Six Degrees of Separation: from The Arsonist to The Ashes of London

I love doing Six Degrees of Separation, a monthly link-up hosted by Kate at Books Are My Favourite and Best. Each month a book is chosen as a starting point and linked to six other books to form a chain. A book doesn’t need to be connected to all the other books on the list, only to the one next to it in the chain.

The Arsonist: A Mind on Fire

This month the chain begins with The Arsonist by Chloe Hooper, a book I haven’t read. In fact, it isn’t to be published in the UK until May 2019. It’s non fiction about the scorching February day in 2009 that became known as Black Saturday, when a man lit two fires in Victoria’s Latrobe Valley.  It is also the story of fire in Australia, and of a community that owed its existence to that very element.

My chain begins by using the word ‘Saturday‘ as the link. It’s Saturday by Ian McEwan which follows one day in the life of a neurosurgeon, Henry Perowne as his life takes an unexpected turn of events. A minor car accident brings him into confrontation with Baxter, a man on the edge of violence.

Also following the life of one person in one day is Mrs Dalloway by Virginia Woolf, in which Clarissa Dalloway is preoccupied with the last-minute details of party she is to give that evening. Elsewhere in London, Septimus Smith is suffering from shell-shock and on the brink of madness. Mrs Dalloway first appeared in Virginia Woolf’s short story, Mrs Dalloway in Bond Street published in The Dial magazine in 1923.

The Murder on the Links by Agatha Christie was also published in 1923, her second book featuring Hercule Poirot. She had the idea for the book after reading newspaper reports of a murder in France, in which masked men had broken into a house, killed the owner and left his wife bound and gagged. From these facts she then invented her plot, setting the book in the fictional French town of Merlinville next to a golf course and overlooking the sea.

SaturdayMrs DallowayThe Murder on the Links (Hercule Poirot, #2)The Chalk Circle ManTitus GroanThe Ashes of London (Marwood and Lovett, #1)

The Chalk Circle Man by Fred Vargas is also set in France, her first book featuring Commissaire Jean-Baptiste Adamsberg. Strange blue chalk circles start appearing on the pavements of Paris and increasingly bizarre objects are found within them, including the body of a woman with her throat savagely cut. Like Poirot, Commissaire Jean-Baptiste Adamsberg is a detective who works on intuition.

Vargas’s books are full of eccentric characters as is Titus Groan by Mervyn Peake, the first of his Gormenghast books.  It begins with the birth of Titus, soon to be the 77th Earl of Gormenghast. His father, Lord Sepulchrave has endured despair and then madness after his beloved library was burnt down and Steerpike, a disrespectful youth, has clawed his way out of the castle’s kitchen to a position of some power, by manipulation and deceit.

This brings me full circle to a book about fire, or rather the aftermath of a fire in The Ashes of London by Andrew Taylor as people set about rebuilding London after the Great Fire had reduced a large part of it to ashes and rubble. Interwoven with a murder mystery, and the hunt for the regicides responsible for the execution of Charles I, it brings home the reality of being homeless – a refugee in your own country. I could hear the noise of the fire, smell the smoke and almost feel the heat and the pain of the victims of the fire.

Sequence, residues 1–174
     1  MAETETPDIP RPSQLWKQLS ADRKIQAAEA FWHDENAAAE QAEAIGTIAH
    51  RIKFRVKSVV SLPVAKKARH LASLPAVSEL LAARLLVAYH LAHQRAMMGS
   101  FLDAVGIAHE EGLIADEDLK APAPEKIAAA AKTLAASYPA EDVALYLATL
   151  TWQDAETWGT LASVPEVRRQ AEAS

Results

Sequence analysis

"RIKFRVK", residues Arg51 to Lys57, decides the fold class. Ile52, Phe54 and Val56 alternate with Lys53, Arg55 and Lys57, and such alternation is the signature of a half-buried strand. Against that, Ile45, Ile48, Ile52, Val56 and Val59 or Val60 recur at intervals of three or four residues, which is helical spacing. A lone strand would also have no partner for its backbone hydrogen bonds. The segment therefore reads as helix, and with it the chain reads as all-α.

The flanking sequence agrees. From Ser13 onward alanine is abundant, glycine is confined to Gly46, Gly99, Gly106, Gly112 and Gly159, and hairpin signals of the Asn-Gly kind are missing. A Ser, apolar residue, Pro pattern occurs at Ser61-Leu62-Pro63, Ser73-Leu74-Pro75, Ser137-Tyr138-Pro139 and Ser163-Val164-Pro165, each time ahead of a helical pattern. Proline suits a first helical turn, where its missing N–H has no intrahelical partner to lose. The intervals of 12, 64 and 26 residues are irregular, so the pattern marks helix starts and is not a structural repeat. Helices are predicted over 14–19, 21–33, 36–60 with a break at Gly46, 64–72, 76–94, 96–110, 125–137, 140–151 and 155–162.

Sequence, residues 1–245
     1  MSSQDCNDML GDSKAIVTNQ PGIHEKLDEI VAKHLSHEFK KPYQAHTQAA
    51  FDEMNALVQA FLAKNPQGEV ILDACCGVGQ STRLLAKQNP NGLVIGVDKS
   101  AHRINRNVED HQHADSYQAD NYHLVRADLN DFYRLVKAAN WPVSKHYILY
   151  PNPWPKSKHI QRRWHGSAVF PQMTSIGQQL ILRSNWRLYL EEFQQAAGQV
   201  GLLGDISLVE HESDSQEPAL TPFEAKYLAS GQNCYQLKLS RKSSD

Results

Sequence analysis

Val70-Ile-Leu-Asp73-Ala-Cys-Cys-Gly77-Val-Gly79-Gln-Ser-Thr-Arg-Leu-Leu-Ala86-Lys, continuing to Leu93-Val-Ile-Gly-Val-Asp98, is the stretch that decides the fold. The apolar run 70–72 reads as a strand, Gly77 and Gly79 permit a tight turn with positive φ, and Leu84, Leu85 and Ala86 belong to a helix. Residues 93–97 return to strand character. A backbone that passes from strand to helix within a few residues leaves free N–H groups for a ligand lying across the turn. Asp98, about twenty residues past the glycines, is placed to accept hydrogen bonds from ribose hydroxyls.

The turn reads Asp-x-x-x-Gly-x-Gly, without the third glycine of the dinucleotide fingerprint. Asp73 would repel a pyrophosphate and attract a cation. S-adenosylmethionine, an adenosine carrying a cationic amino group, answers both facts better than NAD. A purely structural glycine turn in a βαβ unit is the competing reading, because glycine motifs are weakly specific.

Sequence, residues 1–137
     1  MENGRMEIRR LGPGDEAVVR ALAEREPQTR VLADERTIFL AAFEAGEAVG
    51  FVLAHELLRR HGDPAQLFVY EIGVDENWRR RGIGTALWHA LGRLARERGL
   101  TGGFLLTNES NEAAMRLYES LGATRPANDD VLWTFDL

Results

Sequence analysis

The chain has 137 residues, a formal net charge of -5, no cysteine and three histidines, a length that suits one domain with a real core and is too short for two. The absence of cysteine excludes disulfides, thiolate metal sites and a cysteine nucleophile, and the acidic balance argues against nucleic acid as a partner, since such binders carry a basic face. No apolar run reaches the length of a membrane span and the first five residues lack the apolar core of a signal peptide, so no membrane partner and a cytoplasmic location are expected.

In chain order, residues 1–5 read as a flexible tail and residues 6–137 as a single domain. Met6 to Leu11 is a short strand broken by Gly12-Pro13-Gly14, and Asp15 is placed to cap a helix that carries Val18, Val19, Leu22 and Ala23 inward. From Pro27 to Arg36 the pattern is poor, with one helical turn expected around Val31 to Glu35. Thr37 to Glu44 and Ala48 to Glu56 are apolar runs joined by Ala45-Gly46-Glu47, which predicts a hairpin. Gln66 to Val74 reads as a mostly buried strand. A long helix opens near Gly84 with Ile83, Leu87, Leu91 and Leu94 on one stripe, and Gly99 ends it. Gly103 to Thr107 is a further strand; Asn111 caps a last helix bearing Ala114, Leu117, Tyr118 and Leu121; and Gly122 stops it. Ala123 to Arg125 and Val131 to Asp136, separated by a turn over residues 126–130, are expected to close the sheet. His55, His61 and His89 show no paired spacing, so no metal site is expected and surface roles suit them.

So, the last link in my chain takes it back to the start of the chain, but to the results of a fire started by accident rather than arson. This month my chain has travelled from Australia to the United Kingdom, via France and the fantasy world of Gormenghast, connected by names, dates of publication, settings and eccentric characters.

Next month (April 6, 2019), the chain will begin with Ali Smith’s award-winning novel, How to be Both.

25 thoughts on “Six Degrees of Separation: from The Arsonist to The Ashes of London”

  1. Great links Margaret. I particularly love your link to McEwan’s Saturday, and then to Mrs Dalloway. Excellent. My first link was more obvious – to another book inspired by major fires in Australia (but, short stories.)

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    1. Thanks – I liked finishing with a book to complete the circle 🙂

      I know a lot of people criticised Saturday – I’m probably in the minority in liking it. I’ve found his books very variable, Sweet Tooth for example was disappointing, better than Solar but not as good as Atonement.

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      1. I liked Saturday too Margaret, and can’t quite understand those who don’t. I have Sweet tooth, but haven’t read it. While Solar has a couple of funny scenes, overall it is low if not bottom of my McEwan list, and I’ve read most of them from Enduring love on. Enduring love is one of my favourites, along with Atonement (of course!)

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  2. I’m always impressed when anyone manages to turn the chain into a circle! I haven’t read Saturday for some reason, though I’ve read most of his other books. But I have read the Agatha Christie of course! And I’ll preserve a tactful silence over Mrs Dalloway… 😉

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  3. That’s a great chain, especially as you managed to bring it full circle. I love the Gormenghast books and have been meaning to re-read them for ages. Maybe I’ll get round to it later in the year.

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  4. It’s fun when you can link your last book back to the first, creating a circle! The only one of these I’ve read is The Murder on the Links by Agatha Christie. I don’t think of Poirot as an intuitive detective, though; he prizes logic above all things.

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